PayPal has reversed course after freezing thousands of dollars belonging to alternative media outlets Consortium News and MintPress News, agreeing to return money to both sites after seizing it without explanation last week.
Consortium News editor-in-chief Joe Lauria announced the about-face on Wednesday, stating that the site’s $9,348 balance was made “eligible for withdrawal” late on Tuesday night, some 48 hours after PayPal froze the outlet’s account and funds over unspecified violations of its terms of service.
“PayPal gave no reasons for its reversal, as it had given no reasons for its initial action,” Lauria wrote, adding that Consortium “immediately withdrew the funds.”
While the payment platform initially said the ban would be “permanent,” Lauria noted that may no longer be the case, as PayPal is now asking the site to “take steps” to restore its account. There’s just one problem: it has “failed to specify what those steps are,” and “still hasn’t identified what violations were committed to bring the ban in the first place,” leaving the site’s owners at a loss as to how to proceed.
PayPal had previously threatened to hold Consortium’s money for up to six months as it investigated the alleged ToS violations – an entirely opaque process – and even stated it may simply keep the cash as “damages” if such violations were confirmed.
It remains unclear why the platform seized the funds to begin with, and it has issued only generic notices to Consortium regarding “activity … that’s inconsistent with our User Agreement.” Lauria, however, argued the decision may have been motivated by the site’s reporting on the conflict in Ukraine, as it “is not in line with the dominant narrative that is being increasingly enforced” by social media sites and other tech firms.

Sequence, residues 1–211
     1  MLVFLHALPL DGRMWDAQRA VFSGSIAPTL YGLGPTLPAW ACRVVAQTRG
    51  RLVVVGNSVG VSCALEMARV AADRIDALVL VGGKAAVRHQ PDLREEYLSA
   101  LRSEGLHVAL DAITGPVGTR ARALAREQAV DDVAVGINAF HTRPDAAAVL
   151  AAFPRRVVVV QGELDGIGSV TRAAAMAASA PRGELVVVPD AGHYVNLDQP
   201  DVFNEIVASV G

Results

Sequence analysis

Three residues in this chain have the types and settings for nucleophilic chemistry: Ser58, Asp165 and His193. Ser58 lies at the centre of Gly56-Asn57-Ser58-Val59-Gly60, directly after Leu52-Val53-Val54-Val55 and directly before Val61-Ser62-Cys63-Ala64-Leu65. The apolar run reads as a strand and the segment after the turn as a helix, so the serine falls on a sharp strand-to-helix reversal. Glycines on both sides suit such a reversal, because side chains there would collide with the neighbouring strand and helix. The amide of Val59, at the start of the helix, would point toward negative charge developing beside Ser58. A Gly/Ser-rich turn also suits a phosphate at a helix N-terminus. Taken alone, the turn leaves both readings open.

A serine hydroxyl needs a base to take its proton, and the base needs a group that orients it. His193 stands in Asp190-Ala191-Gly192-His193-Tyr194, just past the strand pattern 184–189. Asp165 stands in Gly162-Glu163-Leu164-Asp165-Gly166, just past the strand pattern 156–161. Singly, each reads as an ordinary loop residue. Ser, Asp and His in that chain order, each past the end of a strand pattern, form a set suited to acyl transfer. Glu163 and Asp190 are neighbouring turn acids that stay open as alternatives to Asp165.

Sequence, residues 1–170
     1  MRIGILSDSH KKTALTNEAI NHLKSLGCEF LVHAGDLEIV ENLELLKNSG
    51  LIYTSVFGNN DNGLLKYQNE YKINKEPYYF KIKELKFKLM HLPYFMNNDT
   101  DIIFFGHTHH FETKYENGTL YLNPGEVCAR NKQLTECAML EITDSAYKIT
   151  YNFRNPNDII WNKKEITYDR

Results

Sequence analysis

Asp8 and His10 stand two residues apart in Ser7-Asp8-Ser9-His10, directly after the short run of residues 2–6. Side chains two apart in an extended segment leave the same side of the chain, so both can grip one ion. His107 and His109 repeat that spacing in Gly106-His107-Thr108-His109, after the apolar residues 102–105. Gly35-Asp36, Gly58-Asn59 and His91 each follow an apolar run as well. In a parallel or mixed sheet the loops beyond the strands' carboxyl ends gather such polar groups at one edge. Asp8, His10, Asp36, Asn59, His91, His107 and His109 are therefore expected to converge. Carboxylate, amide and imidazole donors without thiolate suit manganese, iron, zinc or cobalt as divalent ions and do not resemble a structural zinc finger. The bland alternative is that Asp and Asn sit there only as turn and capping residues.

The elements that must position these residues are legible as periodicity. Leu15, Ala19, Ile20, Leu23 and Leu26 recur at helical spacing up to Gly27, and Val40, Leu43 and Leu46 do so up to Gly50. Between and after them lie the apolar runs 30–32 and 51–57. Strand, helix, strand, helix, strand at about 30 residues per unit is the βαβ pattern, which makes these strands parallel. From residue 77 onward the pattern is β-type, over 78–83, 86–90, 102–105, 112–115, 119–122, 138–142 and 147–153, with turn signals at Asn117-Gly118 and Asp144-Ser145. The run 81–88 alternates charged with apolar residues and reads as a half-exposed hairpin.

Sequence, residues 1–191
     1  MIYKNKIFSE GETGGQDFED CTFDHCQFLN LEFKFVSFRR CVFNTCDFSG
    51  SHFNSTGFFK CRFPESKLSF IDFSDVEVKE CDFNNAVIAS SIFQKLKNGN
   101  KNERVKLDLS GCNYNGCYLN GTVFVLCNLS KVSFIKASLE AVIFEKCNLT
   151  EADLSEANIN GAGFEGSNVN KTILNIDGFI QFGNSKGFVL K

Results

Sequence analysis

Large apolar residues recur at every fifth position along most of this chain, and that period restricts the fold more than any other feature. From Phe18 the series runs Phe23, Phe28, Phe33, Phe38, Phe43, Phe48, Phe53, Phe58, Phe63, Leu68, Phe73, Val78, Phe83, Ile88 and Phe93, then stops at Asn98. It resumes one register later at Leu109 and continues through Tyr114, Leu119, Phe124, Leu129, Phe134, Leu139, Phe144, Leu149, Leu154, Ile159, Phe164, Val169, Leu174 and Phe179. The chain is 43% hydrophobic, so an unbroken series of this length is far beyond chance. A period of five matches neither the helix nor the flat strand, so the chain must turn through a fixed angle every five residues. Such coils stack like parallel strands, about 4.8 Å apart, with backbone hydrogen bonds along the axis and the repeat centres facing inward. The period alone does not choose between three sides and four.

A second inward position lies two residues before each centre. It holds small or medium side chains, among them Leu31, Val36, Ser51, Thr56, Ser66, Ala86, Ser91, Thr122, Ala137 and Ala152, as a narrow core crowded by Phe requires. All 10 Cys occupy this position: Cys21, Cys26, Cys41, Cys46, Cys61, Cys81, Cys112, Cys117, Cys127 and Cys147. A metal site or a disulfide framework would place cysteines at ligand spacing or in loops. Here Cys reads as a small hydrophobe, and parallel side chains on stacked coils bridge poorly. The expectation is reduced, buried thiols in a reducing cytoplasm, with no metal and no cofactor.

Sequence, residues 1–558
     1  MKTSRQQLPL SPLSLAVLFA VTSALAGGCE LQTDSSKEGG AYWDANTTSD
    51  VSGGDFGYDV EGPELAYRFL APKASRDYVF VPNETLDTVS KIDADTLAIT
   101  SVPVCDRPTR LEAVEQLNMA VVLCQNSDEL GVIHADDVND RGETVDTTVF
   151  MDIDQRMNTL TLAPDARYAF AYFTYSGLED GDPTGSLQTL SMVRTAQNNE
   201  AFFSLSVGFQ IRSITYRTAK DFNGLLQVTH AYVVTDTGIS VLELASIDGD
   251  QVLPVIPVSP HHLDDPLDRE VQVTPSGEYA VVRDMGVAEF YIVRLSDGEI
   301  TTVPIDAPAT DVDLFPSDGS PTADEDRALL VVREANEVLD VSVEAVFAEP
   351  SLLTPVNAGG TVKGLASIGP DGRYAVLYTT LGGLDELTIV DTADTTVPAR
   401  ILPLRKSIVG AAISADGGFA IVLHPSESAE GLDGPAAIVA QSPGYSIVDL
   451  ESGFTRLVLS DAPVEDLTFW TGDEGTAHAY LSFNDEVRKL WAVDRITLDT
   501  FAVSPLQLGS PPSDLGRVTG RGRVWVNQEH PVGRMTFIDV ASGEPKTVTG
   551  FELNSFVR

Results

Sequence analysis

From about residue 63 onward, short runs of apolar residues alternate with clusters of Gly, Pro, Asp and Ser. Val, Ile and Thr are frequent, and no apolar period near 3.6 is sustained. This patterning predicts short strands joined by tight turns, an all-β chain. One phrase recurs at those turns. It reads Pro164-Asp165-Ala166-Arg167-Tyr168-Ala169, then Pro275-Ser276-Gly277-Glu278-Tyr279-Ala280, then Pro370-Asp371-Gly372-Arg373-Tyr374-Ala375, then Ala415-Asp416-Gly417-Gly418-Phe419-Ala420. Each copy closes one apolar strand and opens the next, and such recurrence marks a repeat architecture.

“If true, PayPal was allegedly seeking to limit Consortium News’ free speech by depriving it of one of its main vehicles for funding,” he added.
The ban on Consortium was imposed the same day the reader-supported website launched its spring fundraiser. Fortunately for the outlet, the move appears to have brought the ‘Streisand effect’ into full force, as Lauria said the site received “a flood of donations” soon after its funds were frozen. The incident also garnered coverage in a number of high-profile venues, including the Hill, Matt Taibbi’s Substack, DemocracyNow! and Jacobin magazine, among others.
PayPal has targeted other independent journalists and media outlets with similar seizures in recent days, including former RT America correspondent Caleb Maupin, as well as MintPress News and two of its senior staffers, Alan MacLeod and Mnar Adley.
Adley – MintPress’ founder and executive director – said PayPal had unfrozen the outlet’s money on Tuesday. Like Consortium, however, its account remains banned, and despite being told it could follow “steps” to be reinstated, Adley noted that “no steps were provided.”
PayPal took similar punitive action against WikiLeaks in 2010, suspending all payments and donations at the behest of the US State Department, which determined the org’s publication of classified material was illegal. More recently, the payment processor was taken to court in a class-action suit over arbitrary bans and placing holds on users’ money without explanation, though it’s unclear how the case will resolve.